Breathing new life into B.C.'s oldest forests
Published Tuesday, November 24, 2020 12:00AM PST Last Updated Tuesday, November 24, 2020 10:04AM PST
A school group connects with an ancient cedar during a Sierra Club BC nature education program in Goldstream Provincial Park. (Mya Van Woudenberg-Sierra Club BC)
Super Natural British Columbia. The slogan is on license plates and tourism campaigns. Whether you live on the islands or in the mountains, up north or in the south, the landscape is what ties all British Columbians together. The province is defined by our rugged coastline, picturesque mountains, and the seemingly-endless forests.
Unfortunately though, we’re at risk of losing a big part of what defines British Columbia. Our biggest, tallest, and oldest trees - and the ecosystems they’re a critical part of - are being cut down at an alarming rate. Those giant trees grew untouched for thousands of years, but today, less than 3% of the ecosystems capable of growing those huge trees remain. And without intervention, we’ll lose the few big-tree forests we have left.
There is some good news, though! The BC Government recently released a report from an independent old-growth panel called New Future for Old Forests, and a wide range of concerned individuals, communities and First Nations leaders are calling for full implementation of all of its recommendations.
One of the strongest calls for action to come from the report is the recommendation to create a paradigm shift in how we manage forests through legislation and regulation. Namely, rather than managing forests for timber alone, the report calls to focus on creating and maintaining healthy ecosystems, which will help ensure our forests are able to continue providing fresh water, clean air, Indigenous cultural practices, recreational land, fire protection, biodiversity, and timber across the province. Yes, we need wood products, and forestry is an important industry in British Columbia. But to save and create forestry jobs for generations to come, we need healthy, well-managed forests and regulations that ensure endangered ecosystems and species habitat are protected..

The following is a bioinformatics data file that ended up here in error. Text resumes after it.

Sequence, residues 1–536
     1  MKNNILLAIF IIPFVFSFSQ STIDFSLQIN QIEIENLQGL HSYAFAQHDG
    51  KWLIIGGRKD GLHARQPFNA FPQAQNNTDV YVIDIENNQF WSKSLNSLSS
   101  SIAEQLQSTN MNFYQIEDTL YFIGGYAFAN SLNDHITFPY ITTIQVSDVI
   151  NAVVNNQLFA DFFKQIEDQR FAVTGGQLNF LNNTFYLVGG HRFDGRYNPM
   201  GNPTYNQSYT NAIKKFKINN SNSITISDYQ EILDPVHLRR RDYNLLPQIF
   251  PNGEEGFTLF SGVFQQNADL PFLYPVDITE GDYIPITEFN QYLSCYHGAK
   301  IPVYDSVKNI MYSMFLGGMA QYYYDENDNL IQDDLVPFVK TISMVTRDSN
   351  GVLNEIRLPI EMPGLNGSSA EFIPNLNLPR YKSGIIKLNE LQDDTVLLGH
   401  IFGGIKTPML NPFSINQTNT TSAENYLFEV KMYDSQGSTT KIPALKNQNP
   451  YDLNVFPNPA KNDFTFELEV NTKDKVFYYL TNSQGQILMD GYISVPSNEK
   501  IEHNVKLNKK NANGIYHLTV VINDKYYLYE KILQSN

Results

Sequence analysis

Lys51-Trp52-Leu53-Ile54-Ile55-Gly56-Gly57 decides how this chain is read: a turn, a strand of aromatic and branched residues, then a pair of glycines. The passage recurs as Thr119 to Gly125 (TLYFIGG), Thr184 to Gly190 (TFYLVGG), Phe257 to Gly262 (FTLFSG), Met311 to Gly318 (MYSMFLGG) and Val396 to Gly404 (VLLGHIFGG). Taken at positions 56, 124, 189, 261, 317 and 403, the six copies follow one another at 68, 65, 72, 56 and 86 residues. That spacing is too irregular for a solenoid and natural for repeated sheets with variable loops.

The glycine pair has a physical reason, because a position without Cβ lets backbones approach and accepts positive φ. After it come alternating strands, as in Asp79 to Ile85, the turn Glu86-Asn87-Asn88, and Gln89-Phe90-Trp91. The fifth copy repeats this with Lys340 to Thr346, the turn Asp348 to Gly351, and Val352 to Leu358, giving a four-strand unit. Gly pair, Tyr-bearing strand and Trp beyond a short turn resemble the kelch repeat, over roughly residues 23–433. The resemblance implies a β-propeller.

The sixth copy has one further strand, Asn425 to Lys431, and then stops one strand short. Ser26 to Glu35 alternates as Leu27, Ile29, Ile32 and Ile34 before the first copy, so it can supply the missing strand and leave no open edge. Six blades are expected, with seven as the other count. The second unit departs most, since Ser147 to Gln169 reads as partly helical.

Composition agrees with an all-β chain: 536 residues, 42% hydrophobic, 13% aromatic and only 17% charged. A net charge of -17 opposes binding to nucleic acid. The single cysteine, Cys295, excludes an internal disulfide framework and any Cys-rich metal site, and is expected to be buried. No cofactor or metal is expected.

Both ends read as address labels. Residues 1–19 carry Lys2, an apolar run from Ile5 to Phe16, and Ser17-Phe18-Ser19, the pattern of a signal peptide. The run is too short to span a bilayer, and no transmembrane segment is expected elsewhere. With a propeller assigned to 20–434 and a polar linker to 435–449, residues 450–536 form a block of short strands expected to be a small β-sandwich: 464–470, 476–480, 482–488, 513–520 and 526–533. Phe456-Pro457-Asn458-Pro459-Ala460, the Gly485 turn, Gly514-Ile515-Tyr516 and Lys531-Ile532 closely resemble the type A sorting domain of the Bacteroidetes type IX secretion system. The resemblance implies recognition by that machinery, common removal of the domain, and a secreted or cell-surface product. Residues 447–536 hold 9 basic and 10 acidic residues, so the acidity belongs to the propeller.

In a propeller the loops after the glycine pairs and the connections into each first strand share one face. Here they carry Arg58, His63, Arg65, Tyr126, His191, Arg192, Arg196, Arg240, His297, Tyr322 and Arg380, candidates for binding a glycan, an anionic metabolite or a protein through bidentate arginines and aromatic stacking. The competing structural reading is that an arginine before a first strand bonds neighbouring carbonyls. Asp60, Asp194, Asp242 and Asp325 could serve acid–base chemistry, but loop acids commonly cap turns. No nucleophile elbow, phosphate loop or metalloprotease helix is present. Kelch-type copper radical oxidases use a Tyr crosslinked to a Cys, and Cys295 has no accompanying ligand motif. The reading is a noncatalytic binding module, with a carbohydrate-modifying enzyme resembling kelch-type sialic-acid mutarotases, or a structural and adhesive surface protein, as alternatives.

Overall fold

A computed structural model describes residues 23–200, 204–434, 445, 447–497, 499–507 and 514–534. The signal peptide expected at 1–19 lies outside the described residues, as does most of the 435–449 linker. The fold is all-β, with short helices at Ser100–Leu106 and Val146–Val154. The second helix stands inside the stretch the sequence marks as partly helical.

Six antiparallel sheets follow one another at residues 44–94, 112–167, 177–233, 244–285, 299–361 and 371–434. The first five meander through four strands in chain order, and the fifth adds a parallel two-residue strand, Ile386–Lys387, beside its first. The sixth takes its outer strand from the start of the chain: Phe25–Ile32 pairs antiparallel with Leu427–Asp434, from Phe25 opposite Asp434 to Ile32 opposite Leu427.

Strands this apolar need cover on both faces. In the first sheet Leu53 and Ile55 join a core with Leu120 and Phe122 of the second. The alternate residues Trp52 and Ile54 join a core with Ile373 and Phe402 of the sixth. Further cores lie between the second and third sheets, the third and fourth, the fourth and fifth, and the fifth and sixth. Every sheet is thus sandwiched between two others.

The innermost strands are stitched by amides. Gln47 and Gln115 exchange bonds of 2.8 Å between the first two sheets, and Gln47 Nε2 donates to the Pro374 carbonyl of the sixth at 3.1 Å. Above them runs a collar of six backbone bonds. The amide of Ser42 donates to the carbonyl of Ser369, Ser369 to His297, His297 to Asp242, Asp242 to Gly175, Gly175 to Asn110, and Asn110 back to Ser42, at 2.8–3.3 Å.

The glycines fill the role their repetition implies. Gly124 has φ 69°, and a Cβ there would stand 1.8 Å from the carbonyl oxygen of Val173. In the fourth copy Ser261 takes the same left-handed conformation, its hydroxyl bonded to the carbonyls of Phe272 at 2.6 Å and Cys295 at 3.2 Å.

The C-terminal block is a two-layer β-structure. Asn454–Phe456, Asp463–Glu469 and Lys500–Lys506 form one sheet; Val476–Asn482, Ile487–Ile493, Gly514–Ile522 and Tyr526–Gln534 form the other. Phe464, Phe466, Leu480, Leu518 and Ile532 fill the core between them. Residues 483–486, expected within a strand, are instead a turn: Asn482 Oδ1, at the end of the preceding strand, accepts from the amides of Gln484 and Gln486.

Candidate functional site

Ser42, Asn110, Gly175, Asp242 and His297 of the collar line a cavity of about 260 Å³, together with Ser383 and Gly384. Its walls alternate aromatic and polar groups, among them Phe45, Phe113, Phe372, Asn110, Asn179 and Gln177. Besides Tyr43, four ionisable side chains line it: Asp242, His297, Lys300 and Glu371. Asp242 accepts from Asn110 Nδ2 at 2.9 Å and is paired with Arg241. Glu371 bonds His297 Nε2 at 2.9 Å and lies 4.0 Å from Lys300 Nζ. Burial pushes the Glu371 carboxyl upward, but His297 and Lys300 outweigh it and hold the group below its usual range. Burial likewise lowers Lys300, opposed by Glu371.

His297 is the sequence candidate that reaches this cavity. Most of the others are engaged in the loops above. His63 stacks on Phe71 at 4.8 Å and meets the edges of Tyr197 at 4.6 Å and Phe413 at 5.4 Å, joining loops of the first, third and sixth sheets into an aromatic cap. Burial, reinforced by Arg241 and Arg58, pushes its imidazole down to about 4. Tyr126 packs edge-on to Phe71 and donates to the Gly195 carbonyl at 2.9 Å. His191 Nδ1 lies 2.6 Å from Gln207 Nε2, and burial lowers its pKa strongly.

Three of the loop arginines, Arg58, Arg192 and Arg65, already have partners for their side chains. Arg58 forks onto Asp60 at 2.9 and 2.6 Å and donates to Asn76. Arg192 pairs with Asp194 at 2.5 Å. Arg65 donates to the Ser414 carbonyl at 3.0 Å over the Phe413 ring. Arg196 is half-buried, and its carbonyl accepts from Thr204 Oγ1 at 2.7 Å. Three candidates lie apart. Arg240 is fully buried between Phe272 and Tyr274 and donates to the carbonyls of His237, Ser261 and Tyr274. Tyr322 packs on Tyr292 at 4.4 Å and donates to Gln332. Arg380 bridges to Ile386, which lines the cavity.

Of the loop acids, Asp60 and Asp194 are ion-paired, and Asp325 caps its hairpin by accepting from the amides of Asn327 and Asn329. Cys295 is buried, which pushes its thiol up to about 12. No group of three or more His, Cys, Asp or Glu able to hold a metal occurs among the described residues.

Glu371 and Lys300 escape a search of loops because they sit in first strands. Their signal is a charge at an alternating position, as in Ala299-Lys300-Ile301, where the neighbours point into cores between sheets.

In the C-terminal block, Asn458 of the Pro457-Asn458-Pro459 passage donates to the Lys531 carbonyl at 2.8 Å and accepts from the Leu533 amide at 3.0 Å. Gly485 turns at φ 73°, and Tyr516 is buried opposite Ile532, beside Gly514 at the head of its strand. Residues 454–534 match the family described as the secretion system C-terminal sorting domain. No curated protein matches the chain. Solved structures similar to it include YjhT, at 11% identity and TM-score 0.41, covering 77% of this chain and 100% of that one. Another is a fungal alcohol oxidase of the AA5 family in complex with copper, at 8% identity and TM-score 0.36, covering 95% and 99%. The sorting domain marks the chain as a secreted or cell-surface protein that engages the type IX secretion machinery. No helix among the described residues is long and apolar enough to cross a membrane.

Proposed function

“Forestry has a bright future, but it has to be sustainable,” said Premier John Horgan. “And it has to recognize a whole host of values, not just as two by fours.”
While the report was widely lauded, some advocates say the initial steps taken by the B.C. government fall far short of what's needed. For example, the deferral areas announced in September included less than 1% of the last 415,000 hectares of old-growth forests with truly big trees that remain in the province. Without immediate action in the next few months, almost all of these at-risk forests will remain on the chopping block.
A survey from Sierra Club BC found that more than 90% of BC residents support protecting the old-growth forests. But, to ensure the provincial government prioritizes the recommendations from their report, there needs to be more active participation from the public to show they support those plans. The report is a very promising first step. Now, we need to keep moving forward.
Changing the way we nurture and use our forests is a tall order. It requires us to alter our collective mindset and think differently about the forests and their role in our lives. While our biggest and tallest trees have had thousands of years to grow, we don’t have the same luxury of time to save them.
To learn more about how you can help breath new life into our old forests by speaking up for them, visit https://www.sierraclub.bc.ca/ancientforests today.